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Obstetrics & Gynecology:
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Sonographic Prediction of Shoulder Dystocia in Infants of Diabetic Mothers

COHEN, BRUCE MD; PENNING, STEPHANIE DO; MAJOR, CAROL MD; ANSLEY, DEBORAH; PORTO, MANUEL MD; GARITE, THOMAS MD

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Abstract

Objective: To determine if the difference between the abdominal diameter and biparietal diameter (AD-BPD difference), as measured by ultrasound examination, predicts shoulder dystocia in borderline macrosomic infants of diabetic mothers.

Methods: A retrospective study was performed of births occurring from January 1990 through June 1995. Eligibility requirements included diabetic pregnancy, ultrasound examination within 2 weeks of delivery, estimated fetal weight of 3800-4200 g, and vaginal delivery. The mean AD-BPD difference was compared in normal deliveries and those complicated by shoulder dystocia, using the Student t test and by multiple regression analysis. A receiver operating characteristic curve was generated to determine if an ADBPD cutoff value could be used clinically to predict shoulder dystocia.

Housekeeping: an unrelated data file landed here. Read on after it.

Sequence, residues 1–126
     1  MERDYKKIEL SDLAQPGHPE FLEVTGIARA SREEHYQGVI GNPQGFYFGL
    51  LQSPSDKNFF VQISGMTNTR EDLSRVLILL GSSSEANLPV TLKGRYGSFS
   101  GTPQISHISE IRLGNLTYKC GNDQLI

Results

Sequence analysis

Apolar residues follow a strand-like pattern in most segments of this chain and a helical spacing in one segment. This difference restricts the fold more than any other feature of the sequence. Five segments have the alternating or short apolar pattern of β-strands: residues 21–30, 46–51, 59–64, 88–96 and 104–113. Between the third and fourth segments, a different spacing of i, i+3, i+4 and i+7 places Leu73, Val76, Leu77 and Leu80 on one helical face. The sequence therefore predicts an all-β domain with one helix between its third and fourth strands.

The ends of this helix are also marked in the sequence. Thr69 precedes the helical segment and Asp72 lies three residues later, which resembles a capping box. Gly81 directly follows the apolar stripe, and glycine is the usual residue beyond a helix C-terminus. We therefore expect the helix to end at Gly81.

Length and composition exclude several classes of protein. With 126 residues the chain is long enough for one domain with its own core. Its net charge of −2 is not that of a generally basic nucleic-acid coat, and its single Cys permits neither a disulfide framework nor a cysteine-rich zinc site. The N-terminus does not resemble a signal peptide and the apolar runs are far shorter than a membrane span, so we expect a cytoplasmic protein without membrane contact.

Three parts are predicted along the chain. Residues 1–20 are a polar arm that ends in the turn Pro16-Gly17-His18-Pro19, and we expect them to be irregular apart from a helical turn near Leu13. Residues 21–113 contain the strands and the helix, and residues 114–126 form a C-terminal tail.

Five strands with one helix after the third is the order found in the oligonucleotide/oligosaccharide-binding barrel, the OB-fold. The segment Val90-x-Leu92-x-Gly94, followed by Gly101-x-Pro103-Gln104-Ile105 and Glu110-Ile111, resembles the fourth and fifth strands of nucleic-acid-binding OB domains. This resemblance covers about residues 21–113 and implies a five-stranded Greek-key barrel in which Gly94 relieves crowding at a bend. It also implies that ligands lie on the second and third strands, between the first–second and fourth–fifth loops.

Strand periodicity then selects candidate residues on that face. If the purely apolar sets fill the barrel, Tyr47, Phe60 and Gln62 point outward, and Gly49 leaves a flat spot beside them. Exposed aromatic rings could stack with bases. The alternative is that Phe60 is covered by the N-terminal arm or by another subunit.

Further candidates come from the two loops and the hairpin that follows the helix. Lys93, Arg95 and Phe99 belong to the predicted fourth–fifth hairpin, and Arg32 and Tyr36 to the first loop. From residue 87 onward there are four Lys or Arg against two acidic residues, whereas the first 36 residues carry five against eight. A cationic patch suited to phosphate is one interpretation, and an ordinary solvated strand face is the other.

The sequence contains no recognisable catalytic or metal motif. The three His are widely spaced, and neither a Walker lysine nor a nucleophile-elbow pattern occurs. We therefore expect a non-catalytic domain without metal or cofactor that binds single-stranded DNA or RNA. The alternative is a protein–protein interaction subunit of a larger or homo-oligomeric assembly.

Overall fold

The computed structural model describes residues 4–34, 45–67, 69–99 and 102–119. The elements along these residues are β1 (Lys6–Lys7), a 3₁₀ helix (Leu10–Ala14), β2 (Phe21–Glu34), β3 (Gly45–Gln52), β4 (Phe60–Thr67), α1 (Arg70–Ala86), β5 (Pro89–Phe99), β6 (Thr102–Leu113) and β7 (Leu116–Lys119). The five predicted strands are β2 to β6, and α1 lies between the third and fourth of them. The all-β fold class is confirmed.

Results: Thirty-one patients, six with dystocia, were eligible for the study. The mean AD-BPD differences for those with and without shoulder dystocia were 3.1 and 2.6 cm, respectively, a statistically significant difference (P = .05). Comparing the groups with and without shoulder dystocia, no significant differences could be found in mean age, parity, weight, birth weight, or gestational age. Shoulder dystocia occurred in six of 20 patients (30%) in whom the AD-BPD difference was at least 2.6 cm but in none of 11 patients in whom it was less than 2.6 cm, also a statistically significant difference (P = .05).

Conclusion: The AD-BPD difference was greater in borderline macrosomic fetuses of diabetic mothers who experienced shoulder dystocia than in those who had uncomplicated vaginal deliveries. Applying an AD-BPD cutoff value of 2.6 cm to this population prospectively would have provided excellent sensitivity, specificity, and predictive value in identifying those fetuses at high risk for birth injury.

(C) 1996 The American College of Obstetricians and Gynecologists

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